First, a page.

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The Midas Touch: How Gold And Other Precious Metals Affect Today's Global Economy

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The effects of the pandemic have led to what we are now referring to as ‘Today’s Global Economy’. This economy is colored by uncertainty, risks, falling prices in so many sectors, foreign exchange fluctuations, and changes in inflation.

Everything and everyone is affected. Prices of commodities have gone up. Spending on items that don’t qualify as essentials is largely avoided, while cash has become a precious commodity.

Take gold, for example. 

The price of gold climbed to a record high last summer as investors poured their money into the precious metal amidst fears about the impact of the coronavirus pandemic on the global economy.

To say that gold has maintained its Midas touch would be stating the obvious. Through the years and with each global economic recession or pandemic, gold and other precious metals stand tall as the choice asset block for safekeeping, preserving, and increasing the value of available wealth. This empowers both individuals and the global economy for economic survival.

For investors, gold and other precious metals are safer and more quantifiable commodities in terms of value than any cryptocurrency or form of investment. During recessions or global pandemics, businesses are susceptible to failure by way of huge losses, excess credit burden, or a drop in the price of products. Other forms of investment that depend on the forces of demand and supply are also risky at such times. Making precious stones such as gold notably valuable.

“An investment in gold is an investment in the economic viability of the global economy,” said Tim Henneberry, CEO of Golden Independence, a gold exploration and development company in Nevada. “No other investment guarantees a safe haven as much as gold does.”

Gold remains a safe haven for investors, companies, and countries who are looking to preserve their wealth in the face of a global economic recession or a pandemic. As Warren Buffett once said, "Gold is a way of going long on fear".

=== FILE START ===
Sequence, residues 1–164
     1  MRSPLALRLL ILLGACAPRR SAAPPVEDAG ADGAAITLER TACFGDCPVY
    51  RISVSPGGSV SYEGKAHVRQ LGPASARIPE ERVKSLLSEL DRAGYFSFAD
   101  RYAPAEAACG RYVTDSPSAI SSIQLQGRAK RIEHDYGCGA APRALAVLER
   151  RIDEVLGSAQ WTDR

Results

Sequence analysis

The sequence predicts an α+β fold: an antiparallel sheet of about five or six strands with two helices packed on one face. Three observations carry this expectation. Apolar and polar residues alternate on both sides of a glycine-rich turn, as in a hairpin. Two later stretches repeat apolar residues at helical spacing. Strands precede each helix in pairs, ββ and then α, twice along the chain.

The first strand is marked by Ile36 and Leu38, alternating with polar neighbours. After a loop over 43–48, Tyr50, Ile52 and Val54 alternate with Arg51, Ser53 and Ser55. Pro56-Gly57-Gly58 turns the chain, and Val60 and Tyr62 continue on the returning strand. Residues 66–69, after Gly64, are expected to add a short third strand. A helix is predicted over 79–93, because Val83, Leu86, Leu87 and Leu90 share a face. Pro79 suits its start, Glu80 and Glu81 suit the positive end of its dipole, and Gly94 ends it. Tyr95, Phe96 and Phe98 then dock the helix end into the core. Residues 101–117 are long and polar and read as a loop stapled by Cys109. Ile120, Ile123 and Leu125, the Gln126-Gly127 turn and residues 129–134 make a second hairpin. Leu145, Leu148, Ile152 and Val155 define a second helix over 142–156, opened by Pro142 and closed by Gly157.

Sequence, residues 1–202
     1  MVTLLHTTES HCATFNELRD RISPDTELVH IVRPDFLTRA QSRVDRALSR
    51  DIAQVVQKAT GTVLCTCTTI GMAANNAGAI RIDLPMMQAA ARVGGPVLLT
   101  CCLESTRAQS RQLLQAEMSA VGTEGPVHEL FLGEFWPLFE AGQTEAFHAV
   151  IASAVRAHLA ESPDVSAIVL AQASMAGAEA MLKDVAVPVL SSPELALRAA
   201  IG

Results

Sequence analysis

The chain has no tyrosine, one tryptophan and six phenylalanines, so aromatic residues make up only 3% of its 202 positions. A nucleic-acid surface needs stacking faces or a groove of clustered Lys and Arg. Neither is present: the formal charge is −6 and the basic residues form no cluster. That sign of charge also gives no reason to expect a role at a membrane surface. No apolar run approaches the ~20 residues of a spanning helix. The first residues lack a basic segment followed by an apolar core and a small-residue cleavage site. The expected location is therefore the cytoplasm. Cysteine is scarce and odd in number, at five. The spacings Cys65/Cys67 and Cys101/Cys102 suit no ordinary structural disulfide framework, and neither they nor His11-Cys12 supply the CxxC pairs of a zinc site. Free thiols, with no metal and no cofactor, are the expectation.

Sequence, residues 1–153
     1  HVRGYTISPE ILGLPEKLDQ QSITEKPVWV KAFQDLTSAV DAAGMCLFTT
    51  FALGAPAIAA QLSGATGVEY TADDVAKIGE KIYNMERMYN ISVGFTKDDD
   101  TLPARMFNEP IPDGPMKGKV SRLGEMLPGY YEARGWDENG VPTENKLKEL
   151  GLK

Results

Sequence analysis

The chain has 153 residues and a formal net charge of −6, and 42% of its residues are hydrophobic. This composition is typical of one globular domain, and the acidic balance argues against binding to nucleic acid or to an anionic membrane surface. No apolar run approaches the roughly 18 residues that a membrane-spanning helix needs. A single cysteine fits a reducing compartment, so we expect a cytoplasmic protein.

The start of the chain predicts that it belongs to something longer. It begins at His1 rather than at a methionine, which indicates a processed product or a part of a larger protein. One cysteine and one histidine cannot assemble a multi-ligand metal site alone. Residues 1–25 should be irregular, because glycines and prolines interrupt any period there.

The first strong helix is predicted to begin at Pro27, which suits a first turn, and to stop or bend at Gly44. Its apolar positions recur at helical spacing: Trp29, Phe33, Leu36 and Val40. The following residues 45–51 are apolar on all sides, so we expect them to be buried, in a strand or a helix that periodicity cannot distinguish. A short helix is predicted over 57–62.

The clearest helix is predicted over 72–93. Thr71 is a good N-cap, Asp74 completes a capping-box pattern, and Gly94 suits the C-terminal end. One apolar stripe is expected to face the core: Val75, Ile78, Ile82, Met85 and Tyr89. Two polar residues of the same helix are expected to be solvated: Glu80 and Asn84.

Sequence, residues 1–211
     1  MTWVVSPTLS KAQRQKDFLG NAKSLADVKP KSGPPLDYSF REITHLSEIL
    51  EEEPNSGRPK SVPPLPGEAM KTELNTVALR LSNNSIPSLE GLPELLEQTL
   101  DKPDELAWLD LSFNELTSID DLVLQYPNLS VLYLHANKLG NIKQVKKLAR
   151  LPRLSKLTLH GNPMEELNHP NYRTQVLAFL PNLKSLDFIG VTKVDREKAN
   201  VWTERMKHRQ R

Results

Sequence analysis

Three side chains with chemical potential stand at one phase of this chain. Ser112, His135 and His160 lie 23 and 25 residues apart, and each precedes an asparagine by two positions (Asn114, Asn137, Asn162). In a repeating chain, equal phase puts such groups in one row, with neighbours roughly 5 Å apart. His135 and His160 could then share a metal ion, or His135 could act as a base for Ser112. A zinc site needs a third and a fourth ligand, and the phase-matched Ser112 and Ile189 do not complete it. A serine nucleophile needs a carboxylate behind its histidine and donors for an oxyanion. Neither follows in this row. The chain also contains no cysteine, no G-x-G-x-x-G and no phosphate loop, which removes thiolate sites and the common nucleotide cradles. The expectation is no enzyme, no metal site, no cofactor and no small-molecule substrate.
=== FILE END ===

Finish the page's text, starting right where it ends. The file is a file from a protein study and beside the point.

Precious Metals And The US Economy

The U.S. stock market and stock markets all over the world are largely dependent on confidence. When this confidence disappears, it affects the performance of the market. During a recession or pandemic, people fear that currency may become worthless. So they move their investment to more reliable stores of value like precious metals.

The Guardian reported how the rise in gold came as Chinese authorities took over the U.S. consulate in the city of Chengdu. This closure order was issued by the Chinese authorities as a response to Washington’s order for the Chinese consulate in Houston to be shut. As the world’s leading economy, anything that affects the U.S. economy has effects on the global economy.

Analysts in the U.S. believe that the price of precious metals is going to further increase on the heels of the rising geopolitical tensions as well as the internal tensions from the recently concluded elections.

Precious metals like gold and silver are reliable stores of value. They are available enough to be traded and limited in supply enough to be considered valuable. From exploration to distribution, the gold market alone is a fruit for all seasons. Today’s global economy is lucky to have the Midas touch, which has allowed it to survive the toughest of seasons. 

 

 

 

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